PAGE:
In contrast to the area of particular environmental care, the lack of a general Environmental Code means that no guideline legislation is available for general environmental care. A central aspect of this field is the Act on the Assessment of Environmental Impacts of 12 February 1990 (Gesetz über die Umweltverträglichkeitsprüfung, UVPG, Federal Law Gazette I, BGBl. I, page 205). The environment impact assessment (EIA) is an instrument of preventative environmental care and is, with the promulgation of the above-mentioned Act, now legally binding in law. It has also been introduced in existing public procedures for the licensing of or considerable amendment to certain projects of relevance to the environment. These include large-scale projects subject to initial planning approval, such as the expansion of waterways, highways and airports and to certain installations which require licensing under the Federal Immission Control Act (Bundes-Immissionsschutzgesetz) such as rolling mills, chemical facilities or large-scale livestock farming. The EIA is based on cooperation between the environment authorities and the parties intending to carry out the project. Since the latter must first submit the data required to determine the possible environmental impacts of their project, these parties are in a position to speed up the procedural process. By means of the systematic and formalised determination, description and evaluation of the environmental impacts of the planned project, by the participation required of authorities and the public and the consideration given to the EIA in the decision on whether to approve the project or not, environmental concerns have greater weight in their relation to other interests.
General environmental care is also covered by the environmental provisions of the Regional Planning Act (Raumordnungsgesetz, ROG, Federal Law Gazette, BGBl I, page 2081) of 18 August 1997 and other specific and planning law designed to ensure environmental soundness.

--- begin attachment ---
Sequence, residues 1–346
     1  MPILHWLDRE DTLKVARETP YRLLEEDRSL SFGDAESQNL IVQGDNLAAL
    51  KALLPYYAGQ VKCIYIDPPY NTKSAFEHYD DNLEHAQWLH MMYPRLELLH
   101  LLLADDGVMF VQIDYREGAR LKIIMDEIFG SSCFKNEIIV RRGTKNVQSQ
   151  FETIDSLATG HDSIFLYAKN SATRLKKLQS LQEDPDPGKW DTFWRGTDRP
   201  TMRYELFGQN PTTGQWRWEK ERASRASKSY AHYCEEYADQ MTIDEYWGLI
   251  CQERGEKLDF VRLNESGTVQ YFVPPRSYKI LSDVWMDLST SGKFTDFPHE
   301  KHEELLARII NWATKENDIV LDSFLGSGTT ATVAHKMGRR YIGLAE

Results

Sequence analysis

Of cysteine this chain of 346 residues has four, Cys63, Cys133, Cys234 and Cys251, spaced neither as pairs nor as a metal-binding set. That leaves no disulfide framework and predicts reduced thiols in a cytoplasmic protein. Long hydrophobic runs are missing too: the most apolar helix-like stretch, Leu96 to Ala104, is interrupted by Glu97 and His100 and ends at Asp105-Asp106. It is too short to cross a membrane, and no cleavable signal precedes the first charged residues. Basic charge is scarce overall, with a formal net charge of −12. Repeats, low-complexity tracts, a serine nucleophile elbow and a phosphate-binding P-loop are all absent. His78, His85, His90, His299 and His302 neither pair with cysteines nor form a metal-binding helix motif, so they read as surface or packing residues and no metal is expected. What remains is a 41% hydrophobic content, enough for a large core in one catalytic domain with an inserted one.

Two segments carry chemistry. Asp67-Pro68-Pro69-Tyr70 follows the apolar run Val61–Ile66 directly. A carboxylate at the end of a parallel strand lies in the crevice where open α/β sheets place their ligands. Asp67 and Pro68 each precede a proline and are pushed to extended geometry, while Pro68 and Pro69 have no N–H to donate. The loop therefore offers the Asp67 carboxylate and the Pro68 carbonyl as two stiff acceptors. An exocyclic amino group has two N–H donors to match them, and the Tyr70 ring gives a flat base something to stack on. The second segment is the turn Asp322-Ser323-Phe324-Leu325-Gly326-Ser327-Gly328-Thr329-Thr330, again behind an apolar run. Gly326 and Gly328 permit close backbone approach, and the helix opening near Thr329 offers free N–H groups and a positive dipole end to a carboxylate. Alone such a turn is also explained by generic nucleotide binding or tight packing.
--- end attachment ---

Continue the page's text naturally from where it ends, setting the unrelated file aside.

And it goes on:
The Environmental Information Act (Umweltinformationsgesetz, UIG, Federal Law Gazette, BGBl. I, page 1490) of 8 July 1994 expands everyone’s access to official environmental information. In a similar vein, the Environmental Statistics Act (Umweltstatistikgesetz, UStatG, Federal Law Gazette BGBl. I, page 2530) of 21 September 1994 provides the data needed on the environment. Recent legislative activity at European level has also made an important contribution to expanding general environmental care; this includes, for example, the Directives on the EIA, on integrated project approval and on access to information and also the Regulation concerning the “eco-audit” and the Environmental Audit Act (Umweltauditgestz – UAG, Federal Law Gazette, BGBl I, page 1591) promulgated on 7 December 1995, which promote internal company environmental management.
General environmental care is also covered by the Environmental Liability Act (Umwelthaftungsgesetz, UmweltHG, Federal Law Gazette, BGBl. I, page 2634) of 10 December 1990 which provides for liability in the case of environmental risks. Where human life or health is disturbed and where emissions have entered the soil, water and the air, the owner of a facility is liable even if he or she is not at fault and irrespective of whether the damage was caused as a result of a hazardous incident or during normal operations. Damage resulting from force majeure is, however, excluded from liability. More flexibility in the taking of evidence and rights to receive information from the party allegedly causing the damage make it easier for the damaged party to gain access from the party responsible for the damage. The right to the restoration of the previous state also extends to nature and the landscape. Installations which pose a particular risk to the environment must have provisions for sufficient cover, an obligation which may be met by arranging liability insurance. As a last resort, this area also includes environmental criminal law. The Acts to Combat Environmental Crime (Gesetz zur Bekämpfung der Umweltkriminalität UKG) of 28 March 1980 (Federal Law Gazette, BGBl I, page 373) and 27 June 1994 (Federal Law Gazette, BGBl. I, page 1994), which supplement and amend the Criminal Code, make provision for the punishment of water, soil and air pollution, noise-making, environmentally damaging waste disposal, the unlicensed operation of installations and the unlicensed handling of hazardous substances and goods, as well as particularly serious environmental offences.
Centre stage in installation-related provisions is given to immission control, radiological protection, nuclear safety and energy-saving.